FAQ’s on Sphenopalatine Ganglion Block

What is a Sphenopalatine ganglion block?

A Sphenopalatine ganglion block is a minimally invasive procedure for treating acute head and facial pain. There are actually three types of this procedure, transnasal, transoral, and lateral. This procedure can be used to treat episodic cluster headaches, pain due to conditions such as head, facial, and neck cancer, trigeminal neuralgia, temporomandibular joint (TMJ) pain, pain caused by herpes zoster, as well as other causes of chronic head and facial pain. The Sphenopalatine ganglion block procedure is also used for preoperative and postoperative anesthesia during oral and maxillofacial surgery.

What are expectations when a patient gets Sphenopalatine ganglion block?

When a patient receives a Sphenopalatine ganglion block treatment they can usually expect to experience immediate relief on some level. However, as with any medical procedure, the Sphenopalatine ganglion block may provide better results for some patients than for others due to the fact that the medications used will affect people differently and some conditions may be more severe than others.

How is the Sphenopalatine ganglion block performed?

In the transnasal method (the most common, least invasive, and most simple of the three methods), the procedure is as simple as having a cotton swab (Q-tip) soaked in a solution of 2% viscous lidocaine and left in place inside the sinus cavity for a period of time up to thirty minutes. The other methods of the procedure require injection of a mixture of medications (A novel revision to the classical transnasal topical sphenopalatineganglion block for the treatment of headache and facial pain. 2013).

For these methods the procedure is performed by first using a topical anesthetic to numb the injection site. The physician will then perform the injection with the aid of a fluoroscope, (a type of x-ray machine), in order to determine exact location of the injection. This procedure can take up to a half hour to perform. The procedure may cause minimal discomfort at first, but then when the medication is injected there will be almost immediate relief. Some patients may require intravenous sedation prior to the procedure.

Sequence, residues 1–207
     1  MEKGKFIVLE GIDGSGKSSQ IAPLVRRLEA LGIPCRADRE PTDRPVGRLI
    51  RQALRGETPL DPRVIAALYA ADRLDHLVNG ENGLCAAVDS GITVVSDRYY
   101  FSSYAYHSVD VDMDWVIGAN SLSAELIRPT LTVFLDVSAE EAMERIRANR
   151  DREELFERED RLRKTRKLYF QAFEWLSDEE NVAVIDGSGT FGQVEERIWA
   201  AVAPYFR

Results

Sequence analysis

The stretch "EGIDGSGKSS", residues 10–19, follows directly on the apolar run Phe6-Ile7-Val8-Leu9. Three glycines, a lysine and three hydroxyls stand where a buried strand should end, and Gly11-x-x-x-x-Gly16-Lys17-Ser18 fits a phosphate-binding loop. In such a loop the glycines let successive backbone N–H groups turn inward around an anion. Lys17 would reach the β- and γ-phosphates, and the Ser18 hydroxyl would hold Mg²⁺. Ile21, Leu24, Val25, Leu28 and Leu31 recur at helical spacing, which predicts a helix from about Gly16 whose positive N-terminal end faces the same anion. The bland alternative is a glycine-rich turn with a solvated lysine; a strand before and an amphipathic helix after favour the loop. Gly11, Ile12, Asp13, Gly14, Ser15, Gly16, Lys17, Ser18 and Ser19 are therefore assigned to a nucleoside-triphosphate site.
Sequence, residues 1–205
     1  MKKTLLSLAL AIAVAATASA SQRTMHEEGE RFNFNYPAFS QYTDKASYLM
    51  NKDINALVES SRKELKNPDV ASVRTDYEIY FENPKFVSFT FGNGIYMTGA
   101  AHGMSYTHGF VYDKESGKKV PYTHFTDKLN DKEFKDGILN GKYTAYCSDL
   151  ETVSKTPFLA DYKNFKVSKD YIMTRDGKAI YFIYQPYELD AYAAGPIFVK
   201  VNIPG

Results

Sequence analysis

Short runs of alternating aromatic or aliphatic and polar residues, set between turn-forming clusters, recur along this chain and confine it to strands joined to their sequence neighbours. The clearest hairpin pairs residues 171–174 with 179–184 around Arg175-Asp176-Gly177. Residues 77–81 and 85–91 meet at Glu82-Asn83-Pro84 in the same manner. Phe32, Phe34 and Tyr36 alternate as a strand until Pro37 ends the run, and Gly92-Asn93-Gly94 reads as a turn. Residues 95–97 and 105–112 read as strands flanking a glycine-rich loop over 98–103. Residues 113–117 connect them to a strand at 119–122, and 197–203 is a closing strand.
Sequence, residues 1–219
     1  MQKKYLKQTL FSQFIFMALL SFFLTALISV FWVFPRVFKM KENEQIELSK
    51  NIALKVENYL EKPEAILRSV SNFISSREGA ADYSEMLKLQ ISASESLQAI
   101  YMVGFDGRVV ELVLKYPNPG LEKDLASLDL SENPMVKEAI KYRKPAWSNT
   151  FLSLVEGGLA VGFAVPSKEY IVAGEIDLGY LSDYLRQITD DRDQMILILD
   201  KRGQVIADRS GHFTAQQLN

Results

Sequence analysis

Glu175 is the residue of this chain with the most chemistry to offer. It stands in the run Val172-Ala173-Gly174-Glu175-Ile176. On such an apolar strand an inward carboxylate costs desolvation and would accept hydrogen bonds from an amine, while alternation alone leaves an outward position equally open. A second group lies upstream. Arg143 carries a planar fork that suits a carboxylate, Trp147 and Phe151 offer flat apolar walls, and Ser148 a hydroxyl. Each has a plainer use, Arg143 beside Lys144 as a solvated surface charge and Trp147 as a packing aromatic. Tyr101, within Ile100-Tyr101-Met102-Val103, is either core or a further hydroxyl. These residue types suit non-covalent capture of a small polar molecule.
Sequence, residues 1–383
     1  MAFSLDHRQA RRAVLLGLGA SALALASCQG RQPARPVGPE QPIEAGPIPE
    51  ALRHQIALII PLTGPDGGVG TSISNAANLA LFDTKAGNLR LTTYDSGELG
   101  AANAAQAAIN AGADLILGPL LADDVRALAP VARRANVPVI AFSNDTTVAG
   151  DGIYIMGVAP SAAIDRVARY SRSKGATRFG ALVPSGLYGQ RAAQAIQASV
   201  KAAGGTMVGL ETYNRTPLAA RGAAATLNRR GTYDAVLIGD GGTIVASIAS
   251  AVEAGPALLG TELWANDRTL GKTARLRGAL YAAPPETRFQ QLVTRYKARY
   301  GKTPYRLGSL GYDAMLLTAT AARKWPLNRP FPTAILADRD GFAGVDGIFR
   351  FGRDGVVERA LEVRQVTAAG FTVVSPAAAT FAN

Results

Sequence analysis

How long does the Sphenopalatine ganglion block last?

The duration of the effects of the Sphenopalatine ganglion block will vary from patient to patient. Some patients may experience immediate relief that lasts weeks after the first procedure while others may require multiple procedures to experience the maximum benefits of the procedure. Relief is usually immediate, or shortly following the procedure and after a few procedures are performed can be felt for several weeks after the last procedure was performed.

What risk or side effects are there for Sphenopalatine ganglion block?

Risks and side effects of the Sphenopalatine ganglion block procedure are very low. These could include a bitter taste and numbness in the mouth and back of the throat from the medication used in the transnasal method, a slight nosebleed from the injection site in procedures where an injection was performed, dizziness or light headedness from the medications used in the procedure, infection or bruising at the injection site. In the worst case scenario during the first procedure the patient could experience an allergic reaction to the medications used.

How successful is a Sphenopalatine ganglion block for the relief of pain?

The Sphenopalatine ganglion block procedure is a very effective method of providing pain relief and most patients that have the procedure performed will experience some level of pain relief. However due to the nature of medication and that it affects different people differently, the level of relief of any one patient cannot be pre-determined. Speak to your pain management specialist to determine if you could benefit from a Sphenopalatine ganglion block procedure.